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Some time ago, I wrote a series of articles sharing how to find a gallery for your art and how to present your artwork to a gallery. One thing I haven’t addressed, however, is what to do if you’re rejected by the gallery you approach.

And that’s important. Because the sad truth is that more galleries are likely to turn you down than will accept you.

If you’re selective and persistent in approaching galleries, and your art is at a professional level, you will find gallery representation. You may even be among the small number that doesn’t have to look very long.

But what if you’re not one of the “lucky” few? How should you handle the rejections? Here are some tips I’ve picked up in my career:

1. Don’t assume that the rejection is personal

First and foremost, it’s important to remember that having a gallery refuse your work is not necessarily a reflection on you or your artwork.

Maybe your work is simply not what the gallery is looking for or is not something they have found their clientele to prefer.

Or, perhaps your timing is off. Maybe they just took on a new artist working in the same medium with similar subjects and/or in a similar style. In that case, you’re just too late.

That—or any number of similar reasons—may be the deciding factor. It’s beyond your control, and is no reflection whatsoever you as an artist or on your work.

So never assume that the rejection is personal. That’s simply counterproductive, and could torpedo your chances of finding success somewhere else.

2. Thank the gallery rep for speaking with you

No matter when in the process they tell you “no,” it’s always a good idea to thank them. Realize that if the gallery is busy (and remember, you want to be represented by a busy gallery) gallery personnel have to make every minute count. The time they took to see you is time taken away from something else. Be polite and respectful of that time.

3. Ask for recommendations of other galleries

As a former gallery director, I always made an effort to direct artists to other potential openings if their work didn’t fit into the gallery’s current works or marketing plan. If a gallery representative is doing their job well and knows the market, chances are good they will be in touch with other galleries.

These are great leads, so don’t discount them. You never know where an open door will appear or which lead might turn out to be the good one.

4. If you’re bold enough, ask for suggestions

For example, ask them if you brought too many or too few pieces. Or if your presentation materials were unprofessional. Because, after all, you’d want to change before your next presentation, right?

Most gallery personnel will not volunteer that information. A generic comment such as “Your work doesn’t fit our market” might mean your work doesn’t fit their market, but it might also be a polite response if your work was poorly presented or for some other similar reason.

I know I would never have volunteered such information when I was working as a gallery director.

But if an artist asked for pointers and was sincere and open, I’ d be more willing to help them improve their next presentation.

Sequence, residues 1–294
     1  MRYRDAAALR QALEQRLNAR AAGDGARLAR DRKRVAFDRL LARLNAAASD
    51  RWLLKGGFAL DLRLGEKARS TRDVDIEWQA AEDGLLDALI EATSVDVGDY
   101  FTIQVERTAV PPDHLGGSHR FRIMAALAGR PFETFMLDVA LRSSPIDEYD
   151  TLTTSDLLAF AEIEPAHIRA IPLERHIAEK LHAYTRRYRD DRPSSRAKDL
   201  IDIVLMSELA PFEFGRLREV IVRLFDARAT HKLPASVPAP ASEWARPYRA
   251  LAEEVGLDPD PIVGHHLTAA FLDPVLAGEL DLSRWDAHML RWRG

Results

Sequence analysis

Granted, you’ll need an open mind and a thick skin. That’s why boldness is needed. But this can become the most valuable part of meeting with a gallery owner or reprentative if you conduct yourself with courtesy and display a willingness to learn.

5. Ask for a business card

This serves two purposes. First, business cards give you a record of where you’ve been and who you’ve seen. A few notes jotted on the back can help you avoid contacting the same people twice and wasting your time and theirs.

If recordkeeping isn’t your strong suit (I know it isn’t my favorite thing) this gives you an easy way to track your search for the right gallery.

Second, it shows the gallery personnel that you’re interested in further interaction – and that’s a good thing. If they find themselves in need of an artist of your skill and with your work, they may very well want to meet with you again. If you took their business card, they’ll know you’re open to doing business next time.

It goes without saying, be prepared to leave your business card, too. If they decide at some point in the future that another meeting is advantageous, make sure they can contact you.

6. Take time to send a thank you note

It doesn’t need to be a long, flowing letter, and probably shouldn’t be. A nice thank you note with a handwritten line or two can mean the difference between being remembered and being forgotten.

And it’s always a good way to conclude the interview on a positive note, no matter what their final decision was.

Who knows? Maybe they turned you down but in reality they were on the fence. That positive gesture of a thank you note (in spite of rejection) could tip the scales in your favor!

*Note: this post may contain affiliate links*

The art reception was in a bright airy space. The artwork was well-curated and professionally displayed. I arrived early enough to start a couple of conversations with the artist. ‘Thanks for coming—oh I’ll be right back.”

A minute later. . . “Now where were we?”

When I spoke with the artist a couple of days afterward, she said she loved having so many guests but. . . read more

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